Every year the paint pros at Benjamin Moore conduct a sort of zeitgeist analysis. Their mission: to select one paint chip out of more than 3,500 that somehow captures the mood of the moment—the Color of the Year. With Andrea Magno, director of color marketing and development, at the helm, usually, that investigation involves seeing exhibitions, canvassing trade shows, and doing quite a bit of international travel. This year, not so much.
“We had to be more nimble,” explains Magno, who, like so many of us, found ways to collaborate with her team virtually amid the work-from-home days of the pandemic. Physical pinboards were traded for virtual ones; team members spent more time in solitary contemplation and brought their findings back to the group. “It actually became a nice exercise, more of an inward-looking process than other years, where we’ve really focused on outside influences.”
When they reconvened, one idea floated to the top: “People are looking for a means of self-expression. There’s this craving for individuality.” What hue best reflected, even encouraged, that newfound need? October Mist 1495, a soft, likable sage green that could act as a bridge to a rainbow of colors.
“One of the team members did a floral study,” Magno recalls. “That green stem of the flower becomes this connector—this enabler, almost. It’s able to bring together all these other colors.”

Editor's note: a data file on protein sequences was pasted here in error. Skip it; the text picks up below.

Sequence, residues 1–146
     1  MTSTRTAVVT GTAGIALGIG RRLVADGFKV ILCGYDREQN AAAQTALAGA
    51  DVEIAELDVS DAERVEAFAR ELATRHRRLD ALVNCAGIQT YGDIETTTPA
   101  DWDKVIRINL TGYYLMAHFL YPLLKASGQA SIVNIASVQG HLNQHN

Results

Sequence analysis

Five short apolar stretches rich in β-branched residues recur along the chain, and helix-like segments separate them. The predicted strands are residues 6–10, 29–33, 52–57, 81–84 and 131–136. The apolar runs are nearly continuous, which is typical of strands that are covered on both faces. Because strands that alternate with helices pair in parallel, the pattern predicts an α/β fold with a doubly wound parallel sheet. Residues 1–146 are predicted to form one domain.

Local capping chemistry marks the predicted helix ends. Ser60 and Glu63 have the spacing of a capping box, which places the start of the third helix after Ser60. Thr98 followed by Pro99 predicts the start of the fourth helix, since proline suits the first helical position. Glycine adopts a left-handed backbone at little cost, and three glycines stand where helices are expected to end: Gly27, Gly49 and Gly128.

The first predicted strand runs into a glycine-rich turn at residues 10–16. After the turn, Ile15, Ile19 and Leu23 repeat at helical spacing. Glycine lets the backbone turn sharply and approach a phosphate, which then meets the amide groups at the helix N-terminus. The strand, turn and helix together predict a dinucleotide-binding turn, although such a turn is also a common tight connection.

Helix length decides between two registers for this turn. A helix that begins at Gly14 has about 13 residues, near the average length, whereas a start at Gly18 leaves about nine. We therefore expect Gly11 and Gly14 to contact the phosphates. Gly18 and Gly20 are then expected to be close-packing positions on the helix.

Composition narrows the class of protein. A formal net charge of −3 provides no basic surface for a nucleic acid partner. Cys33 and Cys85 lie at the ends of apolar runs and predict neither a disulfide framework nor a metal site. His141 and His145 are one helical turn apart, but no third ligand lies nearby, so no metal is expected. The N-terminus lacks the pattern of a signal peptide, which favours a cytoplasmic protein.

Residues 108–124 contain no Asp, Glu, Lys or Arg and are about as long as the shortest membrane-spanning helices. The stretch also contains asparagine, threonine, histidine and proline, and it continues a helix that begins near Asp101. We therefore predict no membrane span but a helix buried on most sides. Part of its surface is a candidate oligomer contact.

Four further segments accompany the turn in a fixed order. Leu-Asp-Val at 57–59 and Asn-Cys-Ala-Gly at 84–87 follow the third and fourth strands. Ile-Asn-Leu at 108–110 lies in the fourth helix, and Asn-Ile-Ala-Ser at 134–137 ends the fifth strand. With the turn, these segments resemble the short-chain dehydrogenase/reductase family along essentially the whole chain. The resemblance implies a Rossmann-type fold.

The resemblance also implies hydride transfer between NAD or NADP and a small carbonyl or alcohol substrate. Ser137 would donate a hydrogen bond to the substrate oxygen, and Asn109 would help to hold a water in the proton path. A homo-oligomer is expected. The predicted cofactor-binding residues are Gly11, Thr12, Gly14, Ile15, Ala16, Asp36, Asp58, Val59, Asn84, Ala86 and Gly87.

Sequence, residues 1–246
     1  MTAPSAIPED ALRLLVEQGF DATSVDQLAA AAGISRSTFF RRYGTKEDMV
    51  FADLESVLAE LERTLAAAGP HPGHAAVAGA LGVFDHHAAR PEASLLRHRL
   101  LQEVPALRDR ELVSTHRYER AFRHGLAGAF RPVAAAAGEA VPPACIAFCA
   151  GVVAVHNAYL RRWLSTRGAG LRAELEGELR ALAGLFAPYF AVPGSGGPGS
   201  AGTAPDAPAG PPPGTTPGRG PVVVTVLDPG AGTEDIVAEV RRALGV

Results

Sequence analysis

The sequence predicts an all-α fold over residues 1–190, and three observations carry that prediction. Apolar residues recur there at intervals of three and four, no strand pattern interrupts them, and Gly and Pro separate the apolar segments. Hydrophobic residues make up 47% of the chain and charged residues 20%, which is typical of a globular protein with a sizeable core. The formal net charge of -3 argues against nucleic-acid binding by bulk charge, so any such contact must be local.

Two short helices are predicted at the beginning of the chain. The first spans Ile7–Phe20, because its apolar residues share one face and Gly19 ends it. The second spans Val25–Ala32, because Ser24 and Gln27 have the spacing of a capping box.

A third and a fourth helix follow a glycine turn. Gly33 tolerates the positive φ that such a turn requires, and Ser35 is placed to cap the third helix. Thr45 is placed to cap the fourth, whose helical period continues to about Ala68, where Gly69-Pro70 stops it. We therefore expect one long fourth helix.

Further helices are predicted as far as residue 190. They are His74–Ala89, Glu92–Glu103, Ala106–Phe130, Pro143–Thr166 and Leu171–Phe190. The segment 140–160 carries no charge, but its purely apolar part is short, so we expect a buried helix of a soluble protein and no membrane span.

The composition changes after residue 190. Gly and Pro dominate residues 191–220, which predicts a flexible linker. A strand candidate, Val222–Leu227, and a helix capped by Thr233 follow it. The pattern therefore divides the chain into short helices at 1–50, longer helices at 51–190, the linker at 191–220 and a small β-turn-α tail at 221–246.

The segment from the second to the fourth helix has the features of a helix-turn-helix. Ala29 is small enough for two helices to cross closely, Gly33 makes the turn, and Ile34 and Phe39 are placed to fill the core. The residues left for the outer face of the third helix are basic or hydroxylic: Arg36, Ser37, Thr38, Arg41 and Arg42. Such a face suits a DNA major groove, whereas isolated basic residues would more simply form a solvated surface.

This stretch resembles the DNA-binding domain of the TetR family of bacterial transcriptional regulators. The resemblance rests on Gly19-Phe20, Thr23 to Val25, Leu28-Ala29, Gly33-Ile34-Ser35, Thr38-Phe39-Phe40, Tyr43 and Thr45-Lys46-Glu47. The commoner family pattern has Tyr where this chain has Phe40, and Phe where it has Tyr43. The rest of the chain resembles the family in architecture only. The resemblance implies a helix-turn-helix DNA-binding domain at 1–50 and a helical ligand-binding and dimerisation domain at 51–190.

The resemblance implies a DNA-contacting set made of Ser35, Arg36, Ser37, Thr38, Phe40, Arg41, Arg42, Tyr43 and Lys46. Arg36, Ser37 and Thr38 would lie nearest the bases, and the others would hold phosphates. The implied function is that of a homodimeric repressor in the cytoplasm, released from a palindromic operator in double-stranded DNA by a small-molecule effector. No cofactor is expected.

And that’s exactly how October Mist behaves alongside the 13 other colors in the Benjamin Moore Color Trends 2022 palette, which includes High Park 467, an herbaceous green; Wild Flower 2090-40, a sunbaked pink-red; and frothy, ethereal shades like Steam AF-15, Morning Dew OC-140, and Natural Linen 966/CC-90. Just like that flower stem, October Mist plays well with nearly every color on the wheel.
Magno envisions a wide range of uses for October Mist. It could slather the kitchen cabinets to create a cool, slightly retro look, or coat more tucked-away spaces like a bedroom or office nook to make for a cozy, enveloping surround. The color’s connective qualities are fitting for intermediary spaces like hallways or staircases, where it can act as a gateway to whatever lies in the next room. And it can even work to create or accentuate the architecture of a space: “If you don’t have millwork or wainscoting, you can create it with this grounded color at the base of the room,” she explains. “Or, if the room does have built-in millwork, you can play it up with sheen in an all-over effect.”
Ultimately, this versatile color, which Magno says “doesn’t scream green” (in fact, in some settings it behaves more like a gray) sets a sturdy foundation for even more creative paint choices. “This [is a] transitional period,” Magno explains. “We’re at this point in time where we’re looking for stability and a feeling of being rooted. But at the same time, we want an escape; we’re ready to express ourselves.”